Jeff Lowe, Tiger King LLC ordered to surrender big cat cubs

Jeff Lowe with Prince the tiger in his Ferrari at the Greater Wynnewood Exotic Animal Park on Sept. 28, 2016 in Wynnewood, Oklahoma. (Ruaridh Connellan/BarcroftImages / Barcroft Media via Getty Images)

Jeff Lowe, the former business partner of Joseph Maldonado-Passage -- better known a Joe Exotic -- and who currently owns Exotic's park, must surrender all his big cat cubs, a federal court ordered.

The Department of Justice on Tuesday said that a federal court has issued a preliminary injunction in favor of the United States against Jeffrey and Lauren Lowe, Greater Wynnewood Exotic Animal Park LLC, and Tiger King LLC. 

They issued this based on claimed violations of the Endangered Species Act and the Animal Welfare Act. They found that the Lowes failed to provide safe conditions, proper nutrition, and timely veterinary care. This resulted in harm to several animals and the death of two tiger cubs less than a week apart.

They also apparently found that their pattern and practice of providing substandard care and their failure to employ a qualified attending veterinarian placed the health of the animals in serious danger.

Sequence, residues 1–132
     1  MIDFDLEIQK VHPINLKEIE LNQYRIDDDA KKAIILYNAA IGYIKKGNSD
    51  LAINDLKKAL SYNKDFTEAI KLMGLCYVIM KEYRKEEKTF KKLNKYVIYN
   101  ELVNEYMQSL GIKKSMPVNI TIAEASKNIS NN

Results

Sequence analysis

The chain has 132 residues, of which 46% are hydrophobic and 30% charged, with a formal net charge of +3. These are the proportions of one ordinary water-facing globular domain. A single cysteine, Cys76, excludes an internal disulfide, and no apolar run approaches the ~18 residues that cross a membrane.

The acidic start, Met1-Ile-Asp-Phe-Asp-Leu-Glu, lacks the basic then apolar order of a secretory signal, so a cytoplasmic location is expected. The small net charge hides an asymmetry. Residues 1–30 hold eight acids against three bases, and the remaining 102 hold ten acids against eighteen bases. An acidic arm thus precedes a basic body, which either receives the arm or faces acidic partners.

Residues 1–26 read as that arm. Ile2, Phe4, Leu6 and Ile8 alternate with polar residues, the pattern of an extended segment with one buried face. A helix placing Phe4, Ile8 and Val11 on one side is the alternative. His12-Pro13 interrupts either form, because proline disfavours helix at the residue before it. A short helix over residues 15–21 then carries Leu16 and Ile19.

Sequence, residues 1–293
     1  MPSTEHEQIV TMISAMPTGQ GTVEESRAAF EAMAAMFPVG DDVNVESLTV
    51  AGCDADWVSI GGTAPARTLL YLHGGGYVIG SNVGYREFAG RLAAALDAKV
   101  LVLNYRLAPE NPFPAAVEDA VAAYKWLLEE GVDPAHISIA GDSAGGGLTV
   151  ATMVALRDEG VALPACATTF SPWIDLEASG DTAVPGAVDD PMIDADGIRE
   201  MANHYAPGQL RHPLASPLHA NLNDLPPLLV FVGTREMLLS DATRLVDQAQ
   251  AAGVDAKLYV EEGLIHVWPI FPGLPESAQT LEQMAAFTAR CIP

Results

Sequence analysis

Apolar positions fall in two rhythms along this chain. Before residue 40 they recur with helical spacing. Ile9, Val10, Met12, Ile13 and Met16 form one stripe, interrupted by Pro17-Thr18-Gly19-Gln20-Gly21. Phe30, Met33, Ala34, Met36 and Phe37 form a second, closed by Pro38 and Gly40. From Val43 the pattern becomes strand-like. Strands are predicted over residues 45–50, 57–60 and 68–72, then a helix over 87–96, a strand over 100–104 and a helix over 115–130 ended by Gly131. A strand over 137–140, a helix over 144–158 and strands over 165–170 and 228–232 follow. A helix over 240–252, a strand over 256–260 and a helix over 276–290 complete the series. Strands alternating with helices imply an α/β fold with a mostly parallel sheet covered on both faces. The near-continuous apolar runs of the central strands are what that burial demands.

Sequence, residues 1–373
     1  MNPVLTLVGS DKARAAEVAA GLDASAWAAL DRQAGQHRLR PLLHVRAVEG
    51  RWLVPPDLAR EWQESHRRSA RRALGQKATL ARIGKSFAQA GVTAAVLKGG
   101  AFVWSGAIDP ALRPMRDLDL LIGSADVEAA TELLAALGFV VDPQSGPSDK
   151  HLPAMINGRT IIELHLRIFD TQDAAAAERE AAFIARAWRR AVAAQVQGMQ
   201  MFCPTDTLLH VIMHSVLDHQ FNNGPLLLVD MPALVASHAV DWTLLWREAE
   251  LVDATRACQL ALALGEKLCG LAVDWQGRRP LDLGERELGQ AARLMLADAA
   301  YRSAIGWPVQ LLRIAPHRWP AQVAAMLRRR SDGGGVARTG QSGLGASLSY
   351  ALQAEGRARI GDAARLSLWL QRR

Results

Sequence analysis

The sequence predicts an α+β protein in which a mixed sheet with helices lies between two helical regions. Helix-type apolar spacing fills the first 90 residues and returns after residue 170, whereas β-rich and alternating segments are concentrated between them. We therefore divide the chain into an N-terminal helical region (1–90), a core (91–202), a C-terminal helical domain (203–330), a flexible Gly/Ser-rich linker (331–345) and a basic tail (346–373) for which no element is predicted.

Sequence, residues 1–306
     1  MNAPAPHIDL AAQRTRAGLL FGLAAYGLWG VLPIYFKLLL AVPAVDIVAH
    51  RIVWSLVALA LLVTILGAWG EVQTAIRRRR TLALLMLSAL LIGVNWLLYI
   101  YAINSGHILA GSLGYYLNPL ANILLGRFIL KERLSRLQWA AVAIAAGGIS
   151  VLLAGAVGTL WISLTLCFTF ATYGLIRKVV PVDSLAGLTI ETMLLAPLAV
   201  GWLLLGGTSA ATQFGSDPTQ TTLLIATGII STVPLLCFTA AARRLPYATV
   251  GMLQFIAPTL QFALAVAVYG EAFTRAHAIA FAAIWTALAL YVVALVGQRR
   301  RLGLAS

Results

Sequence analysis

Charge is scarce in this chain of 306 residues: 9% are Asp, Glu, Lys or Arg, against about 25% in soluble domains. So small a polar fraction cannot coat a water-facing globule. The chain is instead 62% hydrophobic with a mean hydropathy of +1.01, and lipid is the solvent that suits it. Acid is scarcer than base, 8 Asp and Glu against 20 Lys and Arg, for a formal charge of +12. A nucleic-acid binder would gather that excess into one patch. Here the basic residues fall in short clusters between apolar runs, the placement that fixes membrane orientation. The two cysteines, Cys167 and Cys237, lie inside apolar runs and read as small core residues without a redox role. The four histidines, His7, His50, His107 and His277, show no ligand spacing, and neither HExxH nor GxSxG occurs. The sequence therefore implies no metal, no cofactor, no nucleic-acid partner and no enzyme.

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As a result, the Department of Justice said that Lowes must immediately surrender all big cat cubs under the age of one year and their mothers to the government for the pendency of the injunction.

The court reportedly also said that they must retain an attending veterinarian and provide records accounting for all animals acquired and disposed of since June 2020. In addition, they must stop exhibiting animals without a valid U.S. Department of Agriculture license.

"The Lowes have showed a shocking disregard for both the health and welfare of their animals, as well as the law," said Acting Assistant Attorney General Jonathan D. Brightbill of the Justice Department’s Environment and Natural Resources Division. "We are gratified the court agrees and ordered Mr. Lowe to stop ignoring his obligations under the Animal Welfare Act and the Endangered Species Act." 

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"This decision sends a clear message to both licensed and unlicensed exhibitors of the Animal Welfare Act’s reach," said USDA Acting General Counsel Tyler S. Clarkson. "USDA looks forward to continuing its close partnership with the Justice Department to litigate these cases and enforce the Animal Welfare Act."

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